Saturday, 27 June 2015

Simulating await with ES6 Generators

When I first read about ES6 generators I wrote a post about its differences with C# "iterators" (I'll say it again, horrible naming choice by Microsoft). At that time I read how people were taking advantage of them to write code resembling C#s async/await magic. It seemed hard and interesting to me to understand at first sight how both things were related, but I had no time to look into it at that time. These days, after glancing through this thorough and brilliant article I decided to try to understand it.

The first point to consider is that as mentioned in the article, generator objects created by a generator function implement 2 different interfaces: data producers (iterators, the Symbol.iterator thing), that's what you are used to in C#, and data consumers. The latter is pretty interesting as it's the feature that makes the await emulation possible.

The fundamental idea is that generator objects combine the producer and consumer role in a "next" method that receives a value and returns a value. You represent it like this in your generator function:

var b = yield a;

The essential part in that line is that it really means this:

return a to the current "next" call;
read b from the next "next" call;
and execute the following lines until the next "yield" is found and you return a new value from there);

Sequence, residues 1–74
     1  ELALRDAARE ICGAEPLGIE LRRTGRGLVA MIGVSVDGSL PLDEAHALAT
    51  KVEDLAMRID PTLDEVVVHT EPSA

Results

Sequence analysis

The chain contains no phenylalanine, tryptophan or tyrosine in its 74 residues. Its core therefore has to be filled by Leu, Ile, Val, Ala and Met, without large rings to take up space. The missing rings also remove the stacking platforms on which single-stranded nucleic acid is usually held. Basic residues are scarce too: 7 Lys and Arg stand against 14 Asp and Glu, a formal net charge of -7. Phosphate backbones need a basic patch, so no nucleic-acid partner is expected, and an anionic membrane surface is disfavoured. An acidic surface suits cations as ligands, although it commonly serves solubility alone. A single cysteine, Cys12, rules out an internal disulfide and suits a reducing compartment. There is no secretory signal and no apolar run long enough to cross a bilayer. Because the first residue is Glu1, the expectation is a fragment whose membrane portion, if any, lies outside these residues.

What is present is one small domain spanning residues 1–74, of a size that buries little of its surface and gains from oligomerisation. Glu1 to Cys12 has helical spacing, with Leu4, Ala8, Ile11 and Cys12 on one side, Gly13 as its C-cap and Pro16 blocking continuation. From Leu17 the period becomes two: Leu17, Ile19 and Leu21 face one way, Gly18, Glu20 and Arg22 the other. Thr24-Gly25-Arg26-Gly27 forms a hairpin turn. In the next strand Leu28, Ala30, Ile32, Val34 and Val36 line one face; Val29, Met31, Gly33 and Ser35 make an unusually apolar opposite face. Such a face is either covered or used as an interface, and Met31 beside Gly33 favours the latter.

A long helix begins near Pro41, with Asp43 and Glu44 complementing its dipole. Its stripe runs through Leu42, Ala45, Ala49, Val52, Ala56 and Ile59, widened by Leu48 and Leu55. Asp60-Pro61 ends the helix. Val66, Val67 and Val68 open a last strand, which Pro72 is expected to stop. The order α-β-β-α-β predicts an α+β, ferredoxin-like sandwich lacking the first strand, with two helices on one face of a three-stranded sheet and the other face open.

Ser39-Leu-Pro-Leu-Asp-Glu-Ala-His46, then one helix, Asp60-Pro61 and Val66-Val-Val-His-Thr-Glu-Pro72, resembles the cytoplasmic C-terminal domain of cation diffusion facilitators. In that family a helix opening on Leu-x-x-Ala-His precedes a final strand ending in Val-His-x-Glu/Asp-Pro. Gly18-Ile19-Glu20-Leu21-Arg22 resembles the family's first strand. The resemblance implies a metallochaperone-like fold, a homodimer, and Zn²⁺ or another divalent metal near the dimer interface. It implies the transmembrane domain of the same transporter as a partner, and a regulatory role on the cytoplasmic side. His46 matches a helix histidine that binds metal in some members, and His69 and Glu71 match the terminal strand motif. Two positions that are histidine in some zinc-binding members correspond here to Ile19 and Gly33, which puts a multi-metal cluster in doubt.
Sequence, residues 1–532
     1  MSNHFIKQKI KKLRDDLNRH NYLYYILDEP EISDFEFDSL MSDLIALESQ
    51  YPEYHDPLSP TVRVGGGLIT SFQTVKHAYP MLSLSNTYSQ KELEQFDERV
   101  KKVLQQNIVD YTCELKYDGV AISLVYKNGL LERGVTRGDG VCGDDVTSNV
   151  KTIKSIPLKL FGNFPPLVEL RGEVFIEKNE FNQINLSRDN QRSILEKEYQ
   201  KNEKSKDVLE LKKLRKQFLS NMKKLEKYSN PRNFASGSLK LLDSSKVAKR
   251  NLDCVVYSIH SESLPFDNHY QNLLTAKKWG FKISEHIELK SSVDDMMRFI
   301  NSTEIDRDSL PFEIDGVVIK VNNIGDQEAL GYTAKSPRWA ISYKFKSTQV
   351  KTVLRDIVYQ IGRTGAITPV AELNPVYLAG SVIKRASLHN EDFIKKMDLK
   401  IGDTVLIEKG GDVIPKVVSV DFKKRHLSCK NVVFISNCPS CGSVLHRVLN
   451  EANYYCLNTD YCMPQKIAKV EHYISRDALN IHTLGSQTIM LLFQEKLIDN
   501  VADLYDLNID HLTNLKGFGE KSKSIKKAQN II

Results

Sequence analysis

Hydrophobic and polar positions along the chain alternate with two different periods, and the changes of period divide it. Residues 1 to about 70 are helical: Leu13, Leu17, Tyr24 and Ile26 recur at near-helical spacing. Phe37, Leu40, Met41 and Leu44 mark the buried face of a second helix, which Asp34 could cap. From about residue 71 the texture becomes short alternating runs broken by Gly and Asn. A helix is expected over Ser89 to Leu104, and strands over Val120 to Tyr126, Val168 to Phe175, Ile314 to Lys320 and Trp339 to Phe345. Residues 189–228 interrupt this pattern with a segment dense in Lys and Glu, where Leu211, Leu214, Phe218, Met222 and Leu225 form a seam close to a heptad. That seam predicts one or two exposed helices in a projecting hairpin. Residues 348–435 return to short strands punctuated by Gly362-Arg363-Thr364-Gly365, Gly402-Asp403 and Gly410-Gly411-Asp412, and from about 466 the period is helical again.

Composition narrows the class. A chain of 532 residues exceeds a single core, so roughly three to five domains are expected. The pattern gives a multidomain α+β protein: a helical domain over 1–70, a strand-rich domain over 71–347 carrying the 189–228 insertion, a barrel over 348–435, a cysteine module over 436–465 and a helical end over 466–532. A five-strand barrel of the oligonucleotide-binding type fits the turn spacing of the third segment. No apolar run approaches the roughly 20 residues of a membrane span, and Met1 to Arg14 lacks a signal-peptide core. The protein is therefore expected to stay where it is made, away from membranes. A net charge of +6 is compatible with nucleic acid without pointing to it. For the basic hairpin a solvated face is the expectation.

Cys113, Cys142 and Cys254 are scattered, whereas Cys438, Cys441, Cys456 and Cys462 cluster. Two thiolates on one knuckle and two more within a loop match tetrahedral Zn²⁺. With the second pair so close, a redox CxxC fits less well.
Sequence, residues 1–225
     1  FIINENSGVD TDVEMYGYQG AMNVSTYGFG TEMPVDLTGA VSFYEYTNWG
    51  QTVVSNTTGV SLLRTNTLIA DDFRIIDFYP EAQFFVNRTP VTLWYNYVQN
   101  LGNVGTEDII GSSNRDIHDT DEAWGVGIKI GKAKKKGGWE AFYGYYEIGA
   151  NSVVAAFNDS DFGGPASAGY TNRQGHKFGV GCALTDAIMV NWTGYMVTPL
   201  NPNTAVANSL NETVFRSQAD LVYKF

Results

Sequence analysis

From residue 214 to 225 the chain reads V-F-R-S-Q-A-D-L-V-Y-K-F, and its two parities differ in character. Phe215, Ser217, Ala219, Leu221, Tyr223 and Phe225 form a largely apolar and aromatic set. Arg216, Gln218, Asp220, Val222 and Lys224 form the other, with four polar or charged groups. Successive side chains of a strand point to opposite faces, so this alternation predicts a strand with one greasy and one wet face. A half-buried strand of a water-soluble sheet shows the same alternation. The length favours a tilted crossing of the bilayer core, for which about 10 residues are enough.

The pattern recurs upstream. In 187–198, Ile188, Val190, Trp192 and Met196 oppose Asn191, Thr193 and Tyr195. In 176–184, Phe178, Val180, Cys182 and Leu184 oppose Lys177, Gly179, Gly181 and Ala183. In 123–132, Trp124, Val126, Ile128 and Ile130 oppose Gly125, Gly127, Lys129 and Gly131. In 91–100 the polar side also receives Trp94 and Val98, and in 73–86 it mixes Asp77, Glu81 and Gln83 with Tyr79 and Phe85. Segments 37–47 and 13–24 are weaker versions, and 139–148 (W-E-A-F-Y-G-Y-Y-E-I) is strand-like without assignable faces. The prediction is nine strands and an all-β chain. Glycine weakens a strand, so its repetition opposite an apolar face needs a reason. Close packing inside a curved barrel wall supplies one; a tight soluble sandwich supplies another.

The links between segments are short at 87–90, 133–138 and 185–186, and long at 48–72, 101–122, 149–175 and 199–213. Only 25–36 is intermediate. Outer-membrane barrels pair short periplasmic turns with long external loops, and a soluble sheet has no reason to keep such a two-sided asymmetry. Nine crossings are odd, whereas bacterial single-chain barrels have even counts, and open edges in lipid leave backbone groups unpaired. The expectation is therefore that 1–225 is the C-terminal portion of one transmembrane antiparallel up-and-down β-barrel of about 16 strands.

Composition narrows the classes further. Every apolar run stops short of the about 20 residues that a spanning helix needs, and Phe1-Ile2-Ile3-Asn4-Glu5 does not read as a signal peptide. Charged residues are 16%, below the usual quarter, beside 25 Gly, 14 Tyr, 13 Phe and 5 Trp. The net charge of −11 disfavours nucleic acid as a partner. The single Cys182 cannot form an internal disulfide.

between both actions, the generator function gets "suspended".

This idea of having your code inside a sort of function (in the end it's a kind of illusion, that function is bended by the compiler into a generator object where state is maintained so that this suspension/reentrancy can really work) is the basis of how async/await works in C#. So, if you return from your yield a sort of Task object that when completed would call the reentrant function again passing it its return value, you basically get the same. Calling the reentrant funtion means calling the from an async loop, so your Task objects will need a reference to the async loop function (that you will call from the continuation (nextStep property in my example) that you have added to the Task), so that they can continue the cycle.

The JavaScript kind of equivalent to C# Tasks are Promises, and it's what is used by the different libraries (like co) enabling this sort of async/await programming. For exploratory reasons, in order to fully understand this whole thing, when writing my "async/await enabling" function, I've decided to use a very basic TaskInfo object rather than Promises, I think it makes easier to understand how the whole think works with no need to know anything about promises. Indeed, seems like co also works with a sort of lightweight alternative to promises called thunks

I've put up the code in this gist.

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